I’m often struck by the adaptability of Londoners. This trait is generally highlighted in times of strife; IRA bombings or 7/7, the riots of summer 2011 or yet another Tube strike.
Londoners; A Hardy Lot
For me, it is the ability to shoulder the little things; endless queues – everywhere, the daily grind of commuting, the occasional dysfunction of aging infrastructure. These are things we take for granted – accept as part and parcel of being in the world’s de-facto capital city; part of the price for being close to the economic and cultural centres of the globe. Indeed this luxury does and should come at a cost and high house prices are just the start. West End and City office space regularly ranks at or near the top of the global list of expensive places to do business. Retail space on Bond Street competes and beats the likes of Rodeo Drive, the Champs Elysees and Singapore’s Orchard Road on the same terms.
So maybe we don’t have much to complain about when it comes to high house prices. There is no question that Londoners largely accept their lot and indeed many have made material gains in wealth off the back of the high price growth rates. The problem of course is not the fortunate existing owners of London property, but the many that are priced out of home ownership in the Capital. Lost opportunities for wealth formation are important, but are actually just the start of the concessions that come with inadequate housing choices.
When individuals are unable to address their basic housing requirements, they are forced to compromise on many other areas of life; family formation rates are delayed in London, discretionary spending is increasingly diverted away from ‘wants’ in order to deal with ‘needs’. In housing terms, twenty-somethings live much longer in rented accommodation, often in shared arrangements that are more akin to student digs than folk who are – as Government likes to put it – ‘getting on in life’.
There is also a direct cost to London’s economy. Increasingly we are seeing businesses assess whether they can attract talent at the right price in the Capital. London is in voracious global competition for talent and if this balance tips too far in the wrong direction, job prospects for all Londoners will be impacted as businesses locate elsewhere. With some businesses already providing mortgage support programmes to retain talent, we are dangerously near this tipping point.
It’s About Housing, Stupid
None of this is lost on City Hall – Mayor Boris Johnson has just published a blueprint for the creation of up to 26,500 new homes in the London Riverside Opportunity Area. The GLA have made housing supply a top priority and with a strong market supporting, we are heading in the right direction to get closer to meeting need. However, there is recognition that the ‘squeezed middle’ is caught between a lack of deposit for full market ownership, but earning too much to qualify for affordable housing. Aspirant first-time buyers are stuck in a cycle of high rents that syphon off savings and prices that are growing at a faster rate than income.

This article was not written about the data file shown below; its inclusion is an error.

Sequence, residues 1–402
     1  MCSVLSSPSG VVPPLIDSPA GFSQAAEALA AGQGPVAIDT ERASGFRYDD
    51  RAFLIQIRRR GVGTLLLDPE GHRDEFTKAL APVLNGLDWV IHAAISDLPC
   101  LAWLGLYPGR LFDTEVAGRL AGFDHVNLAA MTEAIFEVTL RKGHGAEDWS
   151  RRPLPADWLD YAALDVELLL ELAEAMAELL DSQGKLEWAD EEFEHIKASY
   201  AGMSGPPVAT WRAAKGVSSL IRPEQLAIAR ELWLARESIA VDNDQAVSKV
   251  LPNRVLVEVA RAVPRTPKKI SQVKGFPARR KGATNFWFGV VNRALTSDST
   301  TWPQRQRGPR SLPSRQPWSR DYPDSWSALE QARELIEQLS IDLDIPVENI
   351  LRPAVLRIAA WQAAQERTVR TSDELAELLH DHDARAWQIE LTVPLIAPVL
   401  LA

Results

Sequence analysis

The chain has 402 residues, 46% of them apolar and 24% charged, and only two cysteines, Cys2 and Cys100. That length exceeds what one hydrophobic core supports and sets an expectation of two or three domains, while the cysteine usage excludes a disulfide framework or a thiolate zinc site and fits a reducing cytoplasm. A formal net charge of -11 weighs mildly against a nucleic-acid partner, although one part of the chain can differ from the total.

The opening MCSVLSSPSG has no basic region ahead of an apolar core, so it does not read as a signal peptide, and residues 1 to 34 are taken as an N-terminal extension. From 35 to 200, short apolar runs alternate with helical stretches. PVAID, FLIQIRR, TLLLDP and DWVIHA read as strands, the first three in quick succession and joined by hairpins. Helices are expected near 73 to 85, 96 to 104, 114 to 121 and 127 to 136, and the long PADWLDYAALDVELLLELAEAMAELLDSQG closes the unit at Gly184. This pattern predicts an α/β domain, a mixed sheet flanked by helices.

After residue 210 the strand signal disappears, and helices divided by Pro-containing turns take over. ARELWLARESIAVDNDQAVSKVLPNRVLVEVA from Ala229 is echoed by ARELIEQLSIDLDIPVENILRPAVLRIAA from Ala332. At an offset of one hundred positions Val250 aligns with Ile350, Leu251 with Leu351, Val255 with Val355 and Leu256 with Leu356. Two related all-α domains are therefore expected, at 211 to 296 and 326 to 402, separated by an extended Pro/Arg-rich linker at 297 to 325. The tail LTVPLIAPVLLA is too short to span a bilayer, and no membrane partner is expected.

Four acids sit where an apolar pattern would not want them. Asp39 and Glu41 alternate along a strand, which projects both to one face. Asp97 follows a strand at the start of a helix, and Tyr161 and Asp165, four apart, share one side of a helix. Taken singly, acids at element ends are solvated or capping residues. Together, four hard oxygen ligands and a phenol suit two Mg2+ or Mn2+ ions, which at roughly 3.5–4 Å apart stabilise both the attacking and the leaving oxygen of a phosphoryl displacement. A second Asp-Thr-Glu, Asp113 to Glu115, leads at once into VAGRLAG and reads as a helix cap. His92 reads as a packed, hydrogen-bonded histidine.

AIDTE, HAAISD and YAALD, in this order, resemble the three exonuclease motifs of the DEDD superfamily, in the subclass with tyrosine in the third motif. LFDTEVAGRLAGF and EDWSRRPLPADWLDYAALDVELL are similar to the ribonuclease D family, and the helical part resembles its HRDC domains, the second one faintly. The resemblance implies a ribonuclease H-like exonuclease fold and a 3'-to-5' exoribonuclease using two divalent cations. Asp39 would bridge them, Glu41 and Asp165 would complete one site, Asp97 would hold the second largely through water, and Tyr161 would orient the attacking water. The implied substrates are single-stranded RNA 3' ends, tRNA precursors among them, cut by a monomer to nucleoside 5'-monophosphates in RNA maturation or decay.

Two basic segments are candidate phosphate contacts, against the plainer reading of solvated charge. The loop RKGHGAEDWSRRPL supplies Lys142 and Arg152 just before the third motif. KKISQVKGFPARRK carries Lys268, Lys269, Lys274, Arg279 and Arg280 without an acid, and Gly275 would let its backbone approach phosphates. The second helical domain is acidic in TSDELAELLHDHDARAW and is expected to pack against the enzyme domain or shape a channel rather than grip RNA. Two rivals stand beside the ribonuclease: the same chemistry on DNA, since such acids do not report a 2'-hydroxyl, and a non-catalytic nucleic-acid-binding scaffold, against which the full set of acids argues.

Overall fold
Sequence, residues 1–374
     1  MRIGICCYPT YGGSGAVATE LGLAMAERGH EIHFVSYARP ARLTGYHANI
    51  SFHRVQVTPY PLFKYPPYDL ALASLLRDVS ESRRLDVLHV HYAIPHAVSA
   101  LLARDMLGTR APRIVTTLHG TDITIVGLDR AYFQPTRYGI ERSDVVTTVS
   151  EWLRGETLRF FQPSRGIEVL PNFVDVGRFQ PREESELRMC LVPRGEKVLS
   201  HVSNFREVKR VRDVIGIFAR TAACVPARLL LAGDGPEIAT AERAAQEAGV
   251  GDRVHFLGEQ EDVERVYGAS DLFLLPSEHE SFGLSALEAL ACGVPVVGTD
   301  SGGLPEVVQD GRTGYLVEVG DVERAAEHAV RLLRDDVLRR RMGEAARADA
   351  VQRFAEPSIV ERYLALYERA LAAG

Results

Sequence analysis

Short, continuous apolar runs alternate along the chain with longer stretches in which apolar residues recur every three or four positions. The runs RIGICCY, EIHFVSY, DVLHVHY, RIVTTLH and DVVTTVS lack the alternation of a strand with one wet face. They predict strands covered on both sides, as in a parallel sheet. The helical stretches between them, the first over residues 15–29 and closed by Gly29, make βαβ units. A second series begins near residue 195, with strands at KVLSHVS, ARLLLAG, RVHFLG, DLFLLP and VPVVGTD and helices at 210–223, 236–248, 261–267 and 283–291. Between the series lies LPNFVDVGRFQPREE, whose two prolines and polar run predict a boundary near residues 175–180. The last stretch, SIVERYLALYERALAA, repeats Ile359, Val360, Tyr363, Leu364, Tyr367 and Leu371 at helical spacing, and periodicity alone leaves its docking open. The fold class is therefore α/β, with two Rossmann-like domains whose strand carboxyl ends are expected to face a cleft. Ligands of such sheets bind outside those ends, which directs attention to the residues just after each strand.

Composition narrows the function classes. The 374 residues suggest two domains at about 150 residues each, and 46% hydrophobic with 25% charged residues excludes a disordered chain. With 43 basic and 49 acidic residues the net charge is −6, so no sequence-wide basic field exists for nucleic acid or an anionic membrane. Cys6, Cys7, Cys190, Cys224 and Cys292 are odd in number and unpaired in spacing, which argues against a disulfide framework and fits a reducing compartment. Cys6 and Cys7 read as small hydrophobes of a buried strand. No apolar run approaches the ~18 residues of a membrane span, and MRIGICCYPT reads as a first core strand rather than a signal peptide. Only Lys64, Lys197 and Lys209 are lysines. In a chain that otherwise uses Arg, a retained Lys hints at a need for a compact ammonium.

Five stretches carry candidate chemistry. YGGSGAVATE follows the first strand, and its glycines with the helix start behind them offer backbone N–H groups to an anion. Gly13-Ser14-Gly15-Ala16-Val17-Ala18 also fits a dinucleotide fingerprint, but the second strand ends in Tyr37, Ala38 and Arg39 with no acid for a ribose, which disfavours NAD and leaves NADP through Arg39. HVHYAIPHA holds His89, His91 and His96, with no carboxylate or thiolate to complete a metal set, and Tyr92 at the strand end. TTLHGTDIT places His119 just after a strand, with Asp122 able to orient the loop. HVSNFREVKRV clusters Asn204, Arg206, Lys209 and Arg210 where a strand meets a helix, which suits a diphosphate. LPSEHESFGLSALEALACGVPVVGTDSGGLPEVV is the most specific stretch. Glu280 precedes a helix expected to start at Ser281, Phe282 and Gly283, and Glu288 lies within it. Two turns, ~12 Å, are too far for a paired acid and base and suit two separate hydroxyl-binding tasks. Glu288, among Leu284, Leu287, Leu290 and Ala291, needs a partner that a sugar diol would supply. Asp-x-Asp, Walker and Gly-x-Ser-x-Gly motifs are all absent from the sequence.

Recent JLL research shows that amongst this group, 56% expect to be able to save for a deposit within six years. However, 34% expected that it will be more than 10 years before they can afford to buy, effectively resigning themselves to long-term rental housing. Now clearly there is nothing wrong with renting per se, but a loss of self-determination and choice is severely damaging to aspiration.
Solving the Housing Crisis is About Choice
The same JLL research also surveyed hopeful first-time buyers to understand what their housing wants might be. Top of the list was location, followed by proximity to public transport. Size of property came out third. These results for me are critical, because they say that well-located homes matter more to this group than the physical space they require.
These results also provided insights into the solutions that are so vital. For example, it considers the Pocket development model – providing well-located, well-designed homes – that is actually giving aspiring first-time buyers the properties they want. And by innovating with more efficient property layouts to remove any wasted space, a Pocket property ‘prices-in’ around 150,000 more first-time buyers than is possible under standard regulation. This amounts to a doubling of the number who can afford to buy a home amongst London’s 22-39 year-old workforce.
So – 150,000 more people with the opportunity to become home-owners; to ‘get on’ in life and to have the home they want. If this is doing its part to solve London’s huge housing challenges along the way, it is hard not to see the vast potential that innovators like Pocket can offer for all Londoners.
More from JLL Residential Research here.